COVID-19 has pushed leaders in the design industry and beyond to develop new strategies to manage an increasingly untethered workforce.
Managing workloads across multiple offices has never been more challenging; especially with many staff also working remotely during the unexpected COVID-19 pandemic. The ever-changing technological advances have certainly helped, especially with collaborative platforms like Microsoft Teams or Zoom.
Everyone should develop their own style of managing workloads and project teams across multiple offices. What works for one does not necessarily work for all. But here are some strategies that will most likely cause you to fail. Don’t:
- Be hands-off
- Delegate all the responsibility and none of the authority
- Fail to communicate
- Let technology replace face-to-face communication
COVID-19 is pushing us to develop new strategies to manage our increasingly untethered workforce, and, from my experience, there are many best practices you should be utilizing for project success across multiple offices. But managing really begins and proliferates with a great first kickoff meeting.
Our teams are often assembled with staff of differing specializations – a challenge for sure, but also an excellent opportunity to develop synergy and relationships. The kickoff meeting ensures that everyone not only knows their own role, but each other’s roles as well. Getting everyone on the same page at the beginning is vital to having successful communication throughout the project’s lifecycle.
Some of the tools we use to develop staff, create team synergy, and bond as a company across our nine offices include:
- Building time into projects for face-to-face collaboration early on in a project. This improves collaboration during the project and leads to more efficiently executed, innovative, and profitable projects for the company.
- Having all team members work at the office closest to the project site for a day or two to get familiar with the project location and develop relationships with other team members.
- Encouraging managers to schedule time to work at remote offices and develop relationships with remote office staff.
- Planning out of office activities with other staff will not only benefit the development of younger staff, but it will also help them integrate into the culture of the company more thoroughly.
How do you strike a balance that will enhance staff growth and produce a successful project execution that maximizes productivity, efficiency, and greater profit? The costs of working remotely in person hours, office space, overnight lodging, and travel time are all real. It is important to establish a plan that is implemented early in the project to maximize initial team face-to-face communication and “set the stage” for communication throughout the rest of the project.
This initial step should be limited in its duration with a goal of establishing relationships and project knowledge that can build through the rest of the project as team members work from their home offices. It’s incumbent on project managers to maximize the benefits you get from working remote – team lunches, project site visits, and introductions to other non-team staff. Ultimately, you want to build long-lasting relationships.
These new relationships will provide the company with many additional benefits including employee retention in a market where good people are hard to find. This approach to initial project team development will also benefit staff with a deeper understanding of the diversity of work the company provides.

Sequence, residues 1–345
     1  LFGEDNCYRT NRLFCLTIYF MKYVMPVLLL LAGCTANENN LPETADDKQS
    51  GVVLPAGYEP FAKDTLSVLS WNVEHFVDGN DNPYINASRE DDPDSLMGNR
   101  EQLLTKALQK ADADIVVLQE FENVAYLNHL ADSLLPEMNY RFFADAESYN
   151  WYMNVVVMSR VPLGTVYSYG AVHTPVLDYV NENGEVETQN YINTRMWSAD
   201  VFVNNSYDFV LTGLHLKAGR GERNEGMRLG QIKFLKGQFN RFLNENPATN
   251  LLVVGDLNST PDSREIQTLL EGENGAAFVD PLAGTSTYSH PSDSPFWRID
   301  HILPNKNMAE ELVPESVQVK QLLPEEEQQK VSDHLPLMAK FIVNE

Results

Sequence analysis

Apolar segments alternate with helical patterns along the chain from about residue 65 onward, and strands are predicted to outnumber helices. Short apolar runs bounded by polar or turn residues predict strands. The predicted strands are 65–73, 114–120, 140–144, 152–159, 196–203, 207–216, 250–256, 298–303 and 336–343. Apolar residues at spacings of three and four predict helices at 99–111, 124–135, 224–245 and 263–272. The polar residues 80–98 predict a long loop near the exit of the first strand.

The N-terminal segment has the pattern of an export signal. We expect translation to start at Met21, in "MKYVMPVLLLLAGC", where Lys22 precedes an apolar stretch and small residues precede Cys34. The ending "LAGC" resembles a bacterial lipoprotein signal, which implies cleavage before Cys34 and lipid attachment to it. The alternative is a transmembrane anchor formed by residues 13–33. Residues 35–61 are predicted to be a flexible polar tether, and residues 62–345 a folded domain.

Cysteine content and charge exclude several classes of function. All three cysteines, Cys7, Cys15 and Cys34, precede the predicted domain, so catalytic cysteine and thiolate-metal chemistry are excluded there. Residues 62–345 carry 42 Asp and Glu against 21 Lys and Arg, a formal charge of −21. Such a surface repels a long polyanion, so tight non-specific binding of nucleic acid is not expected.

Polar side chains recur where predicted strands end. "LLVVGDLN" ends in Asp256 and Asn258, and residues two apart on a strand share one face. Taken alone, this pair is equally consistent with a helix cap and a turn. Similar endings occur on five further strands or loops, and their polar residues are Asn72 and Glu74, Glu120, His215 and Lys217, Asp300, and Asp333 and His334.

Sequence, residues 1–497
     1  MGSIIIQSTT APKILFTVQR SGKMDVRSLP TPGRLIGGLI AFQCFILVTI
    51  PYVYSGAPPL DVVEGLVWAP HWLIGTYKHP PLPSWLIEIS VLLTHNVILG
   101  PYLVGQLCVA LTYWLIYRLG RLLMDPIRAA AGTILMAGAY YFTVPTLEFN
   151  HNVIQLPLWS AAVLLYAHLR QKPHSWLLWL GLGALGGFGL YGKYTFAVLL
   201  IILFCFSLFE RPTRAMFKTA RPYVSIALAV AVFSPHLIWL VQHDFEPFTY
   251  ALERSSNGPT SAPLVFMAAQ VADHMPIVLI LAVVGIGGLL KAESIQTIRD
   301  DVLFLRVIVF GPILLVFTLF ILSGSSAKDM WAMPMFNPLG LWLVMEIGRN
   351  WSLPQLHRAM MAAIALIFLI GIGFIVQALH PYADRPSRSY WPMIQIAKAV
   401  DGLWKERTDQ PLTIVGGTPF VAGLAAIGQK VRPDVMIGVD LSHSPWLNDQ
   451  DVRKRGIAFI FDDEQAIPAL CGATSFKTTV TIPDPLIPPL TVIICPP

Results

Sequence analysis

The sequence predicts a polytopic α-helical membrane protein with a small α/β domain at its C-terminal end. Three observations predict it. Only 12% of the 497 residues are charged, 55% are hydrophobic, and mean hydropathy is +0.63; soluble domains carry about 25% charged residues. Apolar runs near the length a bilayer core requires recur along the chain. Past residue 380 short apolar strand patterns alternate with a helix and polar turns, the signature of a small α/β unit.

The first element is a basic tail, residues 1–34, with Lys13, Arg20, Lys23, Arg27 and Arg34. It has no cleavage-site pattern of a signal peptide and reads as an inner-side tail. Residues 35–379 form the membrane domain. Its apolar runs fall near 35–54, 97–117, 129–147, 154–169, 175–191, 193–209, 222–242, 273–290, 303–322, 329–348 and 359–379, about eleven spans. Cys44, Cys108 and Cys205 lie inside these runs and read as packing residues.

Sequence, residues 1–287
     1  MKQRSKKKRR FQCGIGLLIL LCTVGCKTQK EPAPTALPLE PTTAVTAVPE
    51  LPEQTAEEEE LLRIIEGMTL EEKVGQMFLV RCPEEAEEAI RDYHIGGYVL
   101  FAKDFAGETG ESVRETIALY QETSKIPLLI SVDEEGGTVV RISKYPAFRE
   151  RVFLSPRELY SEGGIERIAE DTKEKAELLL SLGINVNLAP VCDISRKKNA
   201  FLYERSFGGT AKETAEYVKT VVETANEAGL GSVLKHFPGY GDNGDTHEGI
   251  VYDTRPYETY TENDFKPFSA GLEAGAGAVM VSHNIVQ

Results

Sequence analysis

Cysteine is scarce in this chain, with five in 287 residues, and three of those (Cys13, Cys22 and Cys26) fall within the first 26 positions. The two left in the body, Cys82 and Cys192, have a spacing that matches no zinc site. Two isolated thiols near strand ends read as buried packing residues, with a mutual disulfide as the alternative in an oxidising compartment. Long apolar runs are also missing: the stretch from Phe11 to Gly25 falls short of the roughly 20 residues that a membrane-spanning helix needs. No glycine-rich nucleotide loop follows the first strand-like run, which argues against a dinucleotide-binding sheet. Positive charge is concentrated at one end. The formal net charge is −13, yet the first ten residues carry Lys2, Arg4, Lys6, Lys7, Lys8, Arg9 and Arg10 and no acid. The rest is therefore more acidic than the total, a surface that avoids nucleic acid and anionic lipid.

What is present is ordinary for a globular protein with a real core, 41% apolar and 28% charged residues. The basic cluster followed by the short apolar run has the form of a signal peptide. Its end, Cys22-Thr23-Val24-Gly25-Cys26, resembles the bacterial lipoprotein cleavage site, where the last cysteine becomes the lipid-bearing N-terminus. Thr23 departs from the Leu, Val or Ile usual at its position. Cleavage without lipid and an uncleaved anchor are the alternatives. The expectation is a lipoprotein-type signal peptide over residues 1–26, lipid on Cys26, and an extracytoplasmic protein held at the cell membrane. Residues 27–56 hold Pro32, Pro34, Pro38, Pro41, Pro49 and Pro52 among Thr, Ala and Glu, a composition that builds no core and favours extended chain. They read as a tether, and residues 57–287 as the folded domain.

From the get-go, my approach is to be hands-on – knowing and understanding each team member’s strengths and weaknesses. It’s critical that those working in other offices, or remotely, be engaged and enjoy what they are doing.
You should provide staff with the task goal/objective, timeline, and budget, but empower them to lead and take ownership of their tasks.
Communicate, communicate, and communicate. There is no substitute for great communication in managing workloads and project teams no matter where they are located, especially if they are working remotely.
You also need to stay connected, and regular check-ins work best. Schedule and hold progress meetings via Zoom or similar video-conferencing tools. We are all learning quickly the value of this tool with the current COVID-19 crisis.
Project reporting is another form of communicating, but it’s also the project manager’s job to review reporting on a regular basis. Let your staff tell you what they have completed and then follow up – trust, but verify. Roll up your sleeves and see for yourself if the work is done.
Routine quality assurance checks are also important throughout the project. Finding issues early and communicating them before too much time and effort is spent going down the wrong track is critical for any project to be successful. Don’t wait until 80 or 90 percent completion. By then, it could be too late.
And finally, even though you should stay current on the latest technology, there is no substitute for face-to-face communication. We strive to be a “face-first firm,” even though we have multiple offices and project teams in two states. You should, too.
Reliance on email, text, instant messaging, and other forms of electronic communication has generally resulted in greater team communication, more project efficiencies and higher profit, but it does not paint a full picture of the best communication styles.
A reliance on electronic communication can negatively impact professional relationship building and integration into the company culture. It also limits staff to critical exposure needed for professional growth and career diversification.
David Bluhm, PE, is the West Michigan Group Manager and an Associate at Fleis & VandenBrink. Contact him at email@example.com.Click here to read the full issue of The Zweig Letter.